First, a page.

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Brazil’s Coffee Harvest Grows 27%

Coffee tree in Brazil Brazil's coffee crop this year is going to total 46 million 60-kilogram bags of coffee, representing growth of 27.5% over that of last year, or 9.9 million bags more. This is going to be the second largest crop ever recorded, after the 2002/3, which amounted to 48.48 million bags.

In 2007, 36 million bags were harvested and this year, coffee exports increased 2%, rising from 27.8 million bags in 2007 to 28.5 million bags this year. Production of Arabica coffee this year stood at 35.5 million bags, and 10.51 million bags of the Conilon variety were produced.

The leading coffee producer state, Minas Gerais, ends the year with an output of 23.58 million bags, followed by EspΓ­Β­rito Santo, at 10.2 million bags, and SΓ£o Paulo, at 4.4 million bags.

This year, productivity has increased, however the planted area decreased 0.3% in comparison with the previous crop. The figures were disclosed by the National Supply Company (Conab), an organ of the Brazilian Ministry of Agriculture.

Overseas Promotion

To increase Brazilian coffee exports, the Brazilian Export and Investment Promotion Agency (Apex-Brasil) and the Brazilian Coffee Industry Association (ABIC) are going to invest 24.084 million Brazilian reais (US$ 10.3 million) in activities to promote the Brazilian product abroad between 2008 and 2010. The new project is turned to countries that have high potential for coffee purchase.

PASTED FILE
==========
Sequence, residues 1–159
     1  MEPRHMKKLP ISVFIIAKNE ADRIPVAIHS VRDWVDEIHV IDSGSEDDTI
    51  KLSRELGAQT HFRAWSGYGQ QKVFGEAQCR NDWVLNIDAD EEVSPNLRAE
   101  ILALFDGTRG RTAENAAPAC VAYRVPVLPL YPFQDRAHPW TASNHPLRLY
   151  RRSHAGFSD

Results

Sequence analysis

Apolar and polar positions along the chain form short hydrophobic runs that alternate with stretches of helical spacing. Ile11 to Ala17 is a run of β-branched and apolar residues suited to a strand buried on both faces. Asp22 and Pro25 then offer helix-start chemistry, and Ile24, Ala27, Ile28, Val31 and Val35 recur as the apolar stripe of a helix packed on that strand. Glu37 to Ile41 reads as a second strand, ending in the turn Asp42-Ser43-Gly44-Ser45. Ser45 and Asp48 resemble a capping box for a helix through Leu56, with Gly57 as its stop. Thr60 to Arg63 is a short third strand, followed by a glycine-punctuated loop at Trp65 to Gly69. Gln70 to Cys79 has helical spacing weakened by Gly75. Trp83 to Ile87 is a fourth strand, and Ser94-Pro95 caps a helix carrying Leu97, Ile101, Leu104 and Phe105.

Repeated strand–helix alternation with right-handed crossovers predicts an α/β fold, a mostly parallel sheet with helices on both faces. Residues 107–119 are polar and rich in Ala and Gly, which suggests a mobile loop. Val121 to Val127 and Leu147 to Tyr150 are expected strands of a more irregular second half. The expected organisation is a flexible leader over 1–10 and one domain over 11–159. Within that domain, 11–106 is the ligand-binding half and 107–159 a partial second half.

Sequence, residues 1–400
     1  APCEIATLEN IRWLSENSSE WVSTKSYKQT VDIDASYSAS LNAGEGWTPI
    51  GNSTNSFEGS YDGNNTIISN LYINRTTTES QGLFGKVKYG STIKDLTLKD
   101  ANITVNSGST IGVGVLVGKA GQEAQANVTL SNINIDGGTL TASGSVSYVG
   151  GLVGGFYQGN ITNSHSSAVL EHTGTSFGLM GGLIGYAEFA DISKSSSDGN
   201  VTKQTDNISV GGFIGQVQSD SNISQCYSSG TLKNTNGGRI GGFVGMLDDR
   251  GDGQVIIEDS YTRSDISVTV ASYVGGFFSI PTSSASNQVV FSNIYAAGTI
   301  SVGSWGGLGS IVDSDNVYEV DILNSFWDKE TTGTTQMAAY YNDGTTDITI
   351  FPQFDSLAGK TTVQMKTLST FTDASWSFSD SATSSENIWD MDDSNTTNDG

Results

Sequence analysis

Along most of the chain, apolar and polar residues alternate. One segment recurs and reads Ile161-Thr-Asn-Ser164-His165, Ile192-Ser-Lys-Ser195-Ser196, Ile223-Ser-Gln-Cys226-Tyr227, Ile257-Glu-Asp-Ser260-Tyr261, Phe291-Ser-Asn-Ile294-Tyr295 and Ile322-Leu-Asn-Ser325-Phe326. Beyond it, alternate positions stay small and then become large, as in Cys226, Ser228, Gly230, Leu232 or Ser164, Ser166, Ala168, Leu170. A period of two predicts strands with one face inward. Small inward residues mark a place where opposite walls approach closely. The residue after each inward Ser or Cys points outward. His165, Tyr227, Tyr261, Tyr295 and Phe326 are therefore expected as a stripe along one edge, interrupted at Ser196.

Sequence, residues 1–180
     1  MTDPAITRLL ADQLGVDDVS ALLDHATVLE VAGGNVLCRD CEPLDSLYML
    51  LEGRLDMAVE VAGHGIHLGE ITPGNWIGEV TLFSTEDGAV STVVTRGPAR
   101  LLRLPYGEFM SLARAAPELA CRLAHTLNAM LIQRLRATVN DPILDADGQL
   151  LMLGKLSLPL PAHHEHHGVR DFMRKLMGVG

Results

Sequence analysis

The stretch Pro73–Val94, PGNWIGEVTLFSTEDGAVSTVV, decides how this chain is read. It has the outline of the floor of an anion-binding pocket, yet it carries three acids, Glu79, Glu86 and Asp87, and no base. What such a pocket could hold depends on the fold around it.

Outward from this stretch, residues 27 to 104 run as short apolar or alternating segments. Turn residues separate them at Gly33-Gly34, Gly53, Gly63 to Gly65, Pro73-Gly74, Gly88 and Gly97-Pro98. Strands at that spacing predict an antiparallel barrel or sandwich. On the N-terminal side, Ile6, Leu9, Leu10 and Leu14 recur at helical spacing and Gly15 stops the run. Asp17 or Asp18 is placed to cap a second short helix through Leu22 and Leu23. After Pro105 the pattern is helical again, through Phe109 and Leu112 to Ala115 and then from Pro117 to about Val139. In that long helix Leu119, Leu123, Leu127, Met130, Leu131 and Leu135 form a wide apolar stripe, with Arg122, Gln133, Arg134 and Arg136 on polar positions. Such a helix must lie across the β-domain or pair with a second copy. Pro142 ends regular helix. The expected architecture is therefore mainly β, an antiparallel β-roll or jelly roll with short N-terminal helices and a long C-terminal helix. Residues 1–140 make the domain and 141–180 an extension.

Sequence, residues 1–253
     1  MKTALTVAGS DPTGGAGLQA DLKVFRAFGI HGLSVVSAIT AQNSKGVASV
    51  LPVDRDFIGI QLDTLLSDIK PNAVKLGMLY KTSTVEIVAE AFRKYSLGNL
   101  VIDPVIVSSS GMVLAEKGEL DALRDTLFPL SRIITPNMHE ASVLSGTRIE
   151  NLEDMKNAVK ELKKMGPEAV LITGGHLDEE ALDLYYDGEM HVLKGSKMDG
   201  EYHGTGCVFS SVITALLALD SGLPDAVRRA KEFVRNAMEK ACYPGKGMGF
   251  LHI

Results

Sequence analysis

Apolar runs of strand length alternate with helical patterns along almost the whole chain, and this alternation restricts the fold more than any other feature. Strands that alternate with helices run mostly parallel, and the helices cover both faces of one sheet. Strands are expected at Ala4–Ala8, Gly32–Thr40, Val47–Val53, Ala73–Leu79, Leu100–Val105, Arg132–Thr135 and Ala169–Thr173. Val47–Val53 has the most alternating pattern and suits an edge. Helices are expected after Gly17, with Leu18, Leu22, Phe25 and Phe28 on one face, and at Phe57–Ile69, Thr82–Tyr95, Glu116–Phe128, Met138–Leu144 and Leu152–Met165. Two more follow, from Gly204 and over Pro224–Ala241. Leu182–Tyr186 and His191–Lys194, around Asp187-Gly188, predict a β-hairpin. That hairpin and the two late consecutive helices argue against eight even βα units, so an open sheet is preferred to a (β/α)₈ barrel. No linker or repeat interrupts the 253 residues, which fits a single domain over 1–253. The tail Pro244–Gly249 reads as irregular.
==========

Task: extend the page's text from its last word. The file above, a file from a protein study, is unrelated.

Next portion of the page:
Among the activities to be organized are Brazilian Gastronomic Weeks in renowned restaurants in South America, Asia and Europe, where typically Brazilian foods should be served, together with the sampling of Brazilian coffee.

Currently, the United States is the main market for the Brazilian product, responsible for 70% of coffee exports. The idea behind the project is to promote coffee in countries like Panama, Chile, Turkey, Singapore, Japan, South Korea, Argentina, Chile, Portugal, Spain, France, Poland and Germany, among others.

The first country to receive a group or Brazilian chefs should be Chile, where the World Congress of the World Association of Chefs Societies should take place. Coffee should also be promoted by a team of coffee experts, the Brazilian Coffee Team, which should serve several kinds of drinks using the product, all to win the taste buds of new consumers.

According to the president of the Apex, Alessandro Teixeira, in a press statement disclosed by the organization, this is the moment to seed in the global market the image of Brazil as a producer and processor of excellent quality coffee.

According to figures supplied by the ABIC, Brazil is the main global producer of coffee, and in 2007 the country produced 33.4 million bags. Shipments totaled 28.1 million bags last year, placing the country in the position of main global exporter.

Apart from that, Brazil is the second main coffee consumer market, with 17 million bags consumed. This is not the first time that the Apex-Brasil and ABIC join forces to promote foreign sales of coffee.

In 2002, exports totaled US$ 4 million, with activities of both organizations, sales reached US$ 26 million in 2007, a total that has already been exceeded in the first 10 months of 2008, when roasted and ground coffee exports reached US$ 34 million.

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  • Show Comments (2)

  • Falupa

    Brazilian coffee
    So now that Brazil has grown the coffee trade does this mean that we will see more of their coffee in Starbucks around the world? πŸ™‚

  • Bert Dimaline

    Brazilian coffee on an Itailian 3 wheeler in California
    Click http://www.motorespresso.com to see how Brazilian coffee is served in Monterey, CA. USA

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